Similar and Related Bands

After becoming a fan of BS&T, I became fascinated with Jazz-Rock.  I searched around for other bands with the same sound, the following is a list of those bands and how they rate compared to BS&T.

This Canadian group (ironic huh?) is probably the closest group to BS&T that I've found.  They released a lot of albums, but had very little commercial success.  I enjoy listening to them almost as much as BS&T.  They had one big U.S. hit, "One Fine Morning," from the album of the same name.  Other albums of theirs that I think are great:  One Fine Light, Thoughts of Movin' On, Can You Feel It, and Sunny Days.  Bruce Cassidy (Nuclear Blues) played with them for a while as well.  One Fine Morning and a greatest hits complilation are in print on CD currently, as well as a new album which I have yet to hear.  Basically if you like BS&T check these guys out.  I found most of their albums on LP for about $2 each.

Ides of March
The Ides of March were a Chicago-based band, known for their big hit of 1970, "Vehicle," which comes from the album of the same name.  It's obvious this was Warner Brother's attempt to cash in on the BS&T sound, and they did.  The song "Vehicle" was one of the biggest hits of 1970.  They have two other LP's, neither of which use the horns much, and a variety of other albums that came out on local Chicago labels.  If you can find it, there's a version of the song "Vehicle" that contains a long instrumental suite before it, it's rather good.  Vehicle has been re-released as an import CD, and it also features three bonus tracks which are really cool.  I believe it was manufactured in France. The mixing is a little less-than-wonderful, but I was happy to get this on CD finally.  They also just released a new album called "Ideology" which can be purchased at CDNOW.

Here is a quote from Jim Peterik about writing Vehicle:

"I started with the title "Vehicle". I've always loved one word titles because of their strong               impact. I wrote down the first line "I got a set of wheels pretty baby, won't you hop inside my car?" Musically I was working on a very simple minor key progression E minor to B minor. Rhythmically, I was doing the kind of choppy thing I first heard on the first Blood Sweat and Tears album. (The Ides were huge BS&T fans having seen them at the Kinetic Playground with Jethro Tull a few months earlier.) By the end of the day, I had morphed my emotion into a pretty slick 2 minute and 51 second song."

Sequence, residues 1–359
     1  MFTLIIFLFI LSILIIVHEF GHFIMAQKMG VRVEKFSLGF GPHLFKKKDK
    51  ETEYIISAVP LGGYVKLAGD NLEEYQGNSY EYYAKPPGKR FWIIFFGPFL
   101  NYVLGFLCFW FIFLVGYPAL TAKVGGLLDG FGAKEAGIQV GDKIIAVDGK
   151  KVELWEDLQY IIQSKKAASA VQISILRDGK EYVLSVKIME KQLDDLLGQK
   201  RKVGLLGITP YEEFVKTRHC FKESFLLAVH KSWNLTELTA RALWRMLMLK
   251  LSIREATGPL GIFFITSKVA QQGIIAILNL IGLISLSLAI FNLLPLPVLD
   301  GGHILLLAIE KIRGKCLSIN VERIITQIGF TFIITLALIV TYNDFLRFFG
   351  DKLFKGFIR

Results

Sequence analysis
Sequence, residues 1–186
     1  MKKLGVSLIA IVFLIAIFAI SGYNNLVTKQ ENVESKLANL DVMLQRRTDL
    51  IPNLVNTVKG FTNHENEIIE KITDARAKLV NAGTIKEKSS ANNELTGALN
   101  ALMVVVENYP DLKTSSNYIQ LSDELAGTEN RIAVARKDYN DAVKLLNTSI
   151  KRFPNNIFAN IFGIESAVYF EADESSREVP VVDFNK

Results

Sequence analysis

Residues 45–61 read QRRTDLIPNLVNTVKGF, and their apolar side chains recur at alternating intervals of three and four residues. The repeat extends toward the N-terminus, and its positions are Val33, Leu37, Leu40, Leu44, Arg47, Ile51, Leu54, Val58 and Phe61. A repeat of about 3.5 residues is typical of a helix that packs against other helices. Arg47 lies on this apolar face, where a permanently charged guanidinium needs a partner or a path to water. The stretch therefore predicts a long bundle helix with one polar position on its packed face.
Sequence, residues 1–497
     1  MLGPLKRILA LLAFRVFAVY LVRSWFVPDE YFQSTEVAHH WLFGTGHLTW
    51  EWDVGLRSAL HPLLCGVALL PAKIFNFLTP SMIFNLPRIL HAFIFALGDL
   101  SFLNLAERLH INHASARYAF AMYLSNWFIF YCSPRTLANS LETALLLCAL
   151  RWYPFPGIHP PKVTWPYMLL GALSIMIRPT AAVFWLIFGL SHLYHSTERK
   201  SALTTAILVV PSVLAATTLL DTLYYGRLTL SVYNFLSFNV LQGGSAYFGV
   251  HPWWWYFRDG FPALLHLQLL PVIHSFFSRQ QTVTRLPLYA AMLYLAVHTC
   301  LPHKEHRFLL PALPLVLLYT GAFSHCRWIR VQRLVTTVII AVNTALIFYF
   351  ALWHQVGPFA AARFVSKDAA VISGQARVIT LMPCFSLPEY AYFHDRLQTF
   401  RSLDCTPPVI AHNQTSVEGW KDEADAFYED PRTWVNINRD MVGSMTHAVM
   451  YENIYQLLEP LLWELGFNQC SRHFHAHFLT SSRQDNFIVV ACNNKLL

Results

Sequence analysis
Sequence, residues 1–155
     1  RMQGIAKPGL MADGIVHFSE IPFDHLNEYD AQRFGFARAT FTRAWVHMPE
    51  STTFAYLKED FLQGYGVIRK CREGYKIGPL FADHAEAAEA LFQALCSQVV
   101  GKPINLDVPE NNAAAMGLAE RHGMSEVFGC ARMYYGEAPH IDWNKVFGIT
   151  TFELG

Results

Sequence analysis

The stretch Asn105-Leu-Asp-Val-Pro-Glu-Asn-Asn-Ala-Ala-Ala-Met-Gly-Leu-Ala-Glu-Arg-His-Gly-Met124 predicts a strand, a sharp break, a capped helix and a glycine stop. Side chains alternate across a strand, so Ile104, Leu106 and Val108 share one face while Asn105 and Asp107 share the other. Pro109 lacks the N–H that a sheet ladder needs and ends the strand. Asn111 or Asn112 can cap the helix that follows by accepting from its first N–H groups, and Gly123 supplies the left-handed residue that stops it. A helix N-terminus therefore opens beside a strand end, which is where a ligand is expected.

Led by Woody Herman trumpeter Bill Chase, these guys released three fine albums in the early 70s, Chase, Ennea, and Pure Music.  They had one hit off of their first album, "Get It On," which features a really ripping horn section comprised of four trumpets.  Chase's playing is incredible, he is up there with Jon Faddis and our own Lew Soloff.  At least the first album is definitely worth tracking down.  I had no problems finding all three of them and a quadrophonic pressing of their first one. Good Stuff, and Chase's soloing is out of this world.  All there albums Chase, Ennea, and Pure Music are available on CD!  The latter two are both on a single CD which costs about $10 shipped.  I encourage everyone to pick these up.  Chase's sololing is out of this world.

Dreams surfaced right after BS&T became chart-toppers.  They were an ensemble that veered heavily towards jazz, and featured former BS&T trumpeter Randy Brecker, as well as his brother Michael Brecker.  The music is very tight and the musicians are top-notch.  Even though they lean towards jazz, there are plenty of rocking moments on their two albums, "Dreams" and "Imagine My Surprise."

Electric Flag
These guys really beat BS&T and Chicago out the door when it came to horns in rock.  However, their sound tends more towards R&B and Blues than mainstream rock and roll.  Featuring drummer Buddy Miles and guitarist Mike Bloomfield, these guys burst onto the scene in 1967, released only a handful of cuts and a movie soundtrack, and were gone before you knew it.  It's too bad.  Luckily, Columbia released a really good compilation on these guys called Old Glory.  I would recommend it to all BS&T fans.  There's actually a whole bunch of other Electric Flag material out there now.  There's a pair of albums released this year, one called Small Town Blues, and one called Electric Flag: Live.  I haven't heard either of these and there weren't track listings, so let me know if anyone knows anything.  They also just re-released one called Groovin' Is Easy, which is says is from 1983.  It seems to have both album and live tracks on it, and features Mike BLoomfield on guitar.  All in all, I wholly reccomend any Electric Flag to BS&T fans.  They're funkier, they're blusier, they're rougher, but it's still great material.